I really do hope that this turns out to be the best move for the UK but right now, I am not sure how it can be.

*Time to Wallow*

 

 

 

Miyajima & Hiroshima

If you plan ahead and get a really early start, you can do a day trip to both Miyajima Island and Hiroshima. With Hiroshima, there are many more things to see and do than we did, but you would need a couple of days for everything.

So we actually based our trip on the tips found in this blog – apart from the fact that the train and ferry timetables have changed, it actually does set out everything you need for this long day of touristing. A tip from us is to save time when out and about, it is worth having a packed lunch of sorts: we bought the holy grail of cheese (Garlic & Herb Boursin) from one of the Liquor Mountains, and French bread. With the aid of a few things liberated from our hotel breakfast, sandwiches were made. This does mean that you don’t have to factor in sitting down and eating properly into your day and when you have veggies in your group, there is no guarantee that they’ll find a ‘grab and go’ bite – not a problem for the carnivores out there though!

Sample itinerary of day trip to Hiroshima and Miyajima from Osaka/Kyoto

It takes about 2 hours on the Shinkansen from Kyoto to Hiroshima and from there, you jump on a local train to Miyajima-guchi where the easy to spot underground tunnel takes you to the JR ferry (you can use your JR pass) for a 10 minute boat ride to the island.

The main thing to look out for on Miyajima island is the O-tori – you start to see it on the boat ride, so keep your eyes peeled. On the day we went, it was rainy and overcast but this leant an ethereal, ghost-like beauty to the island and it’s surrounds. I suspect Miyajima is a bit lie Milford Sounds in New Zealand – stunning on a good day, but enveloped in a beauty of its own when the clouds bring rain. You can pick up a map of the island as soon as you get off the ferry and plan where you want to go – we kept it to a minimum of seeing the O-Torii and the shrine, as Hiroshima demanded a full afternoon.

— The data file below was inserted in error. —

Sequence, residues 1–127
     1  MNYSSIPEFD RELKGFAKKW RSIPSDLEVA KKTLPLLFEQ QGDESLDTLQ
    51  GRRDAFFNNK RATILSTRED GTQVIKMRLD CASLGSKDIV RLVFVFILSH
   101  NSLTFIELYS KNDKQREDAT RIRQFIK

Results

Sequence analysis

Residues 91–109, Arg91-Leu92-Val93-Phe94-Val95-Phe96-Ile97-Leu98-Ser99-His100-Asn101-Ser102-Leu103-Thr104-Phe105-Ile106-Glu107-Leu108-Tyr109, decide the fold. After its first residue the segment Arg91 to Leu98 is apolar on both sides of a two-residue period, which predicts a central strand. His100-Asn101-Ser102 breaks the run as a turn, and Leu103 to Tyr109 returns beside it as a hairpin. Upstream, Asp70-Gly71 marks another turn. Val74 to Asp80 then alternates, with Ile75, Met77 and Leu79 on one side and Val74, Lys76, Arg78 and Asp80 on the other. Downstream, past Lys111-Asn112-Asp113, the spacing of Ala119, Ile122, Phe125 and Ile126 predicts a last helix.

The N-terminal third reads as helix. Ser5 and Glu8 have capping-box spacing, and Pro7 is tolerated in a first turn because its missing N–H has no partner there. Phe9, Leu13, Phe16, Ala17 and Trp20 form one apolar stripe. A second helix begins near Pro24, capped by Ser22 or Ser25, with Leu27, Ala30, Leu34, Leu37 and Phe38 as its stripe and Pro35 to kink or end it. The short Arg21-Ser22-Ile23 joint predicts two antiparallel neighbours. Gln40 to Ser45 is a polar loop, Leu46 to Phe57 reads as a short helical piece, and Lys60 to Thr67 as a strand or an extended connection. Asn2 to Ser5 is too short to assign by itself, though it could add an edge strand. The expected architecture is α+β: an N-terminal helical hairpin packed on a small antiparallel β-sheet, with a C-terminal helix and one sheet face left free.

By the way, as you walk through the row of shops to and from the ferry, keep your eyes peeled for this gem: Hiroshima Beef Steamed Bun – I wish I had eaten 3 instead of a modest 1!

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Having seen the sights of Miyajima Island, we made our way back to Hiroshima and took the hop-on-hop-off bus to the Hiroshima Peace Memorial / Park. Now as much as you know in your head that this is home to one of the world’s greatest human disasters, I don’t think anything can prepare you for the actual sadness you feel when there. I left Hiroshima with a heavy heart and an interest in learning what we can do to achieve worldwide nuclear disarmament.

It didn’t feel right taking a lot of pictures  in and around the Peace Park but here is a quick itinerary of what we saw and a couple of pictures.

  • Hiroshima Peace Memorial (Genbaku Dome) World Heritage Site (A-Bomb Dome)
  • View of the Dome from Aioi Bridge (The suspected intended target of the Bomb)
  • Peace Clock Tower
  • Peace Memorial Park
  • Memorial Mound, with the ashes of victims contained within
  • Memorial to the Korean Victims of the bomb – accounting for around 10% of the total count
  • Figurine of the Goddess of Peace
  • Children’s Peace Monument
  • Peace Memorial Park – the domed cenotaph contains a stone with the names of everyone who perished. The Fire will not be extinguished until the world is rid of nuclear weapons.
  • Hiroshima National Peace Memorial Hall for the A-Bomb victims, with the clock depicting the time that the bomb was dropped (8.15am)
  • Hiroshima Museum of Peace

I wouldn’t go so far as to say that no trip to Japan is complete without a trip to  Hiroshima but it certainly lends a new perspective to the country and it is worthwhile fitting a trip into your plans.

 

From Kyoto, With Love

SHINKANSEN! Yeah!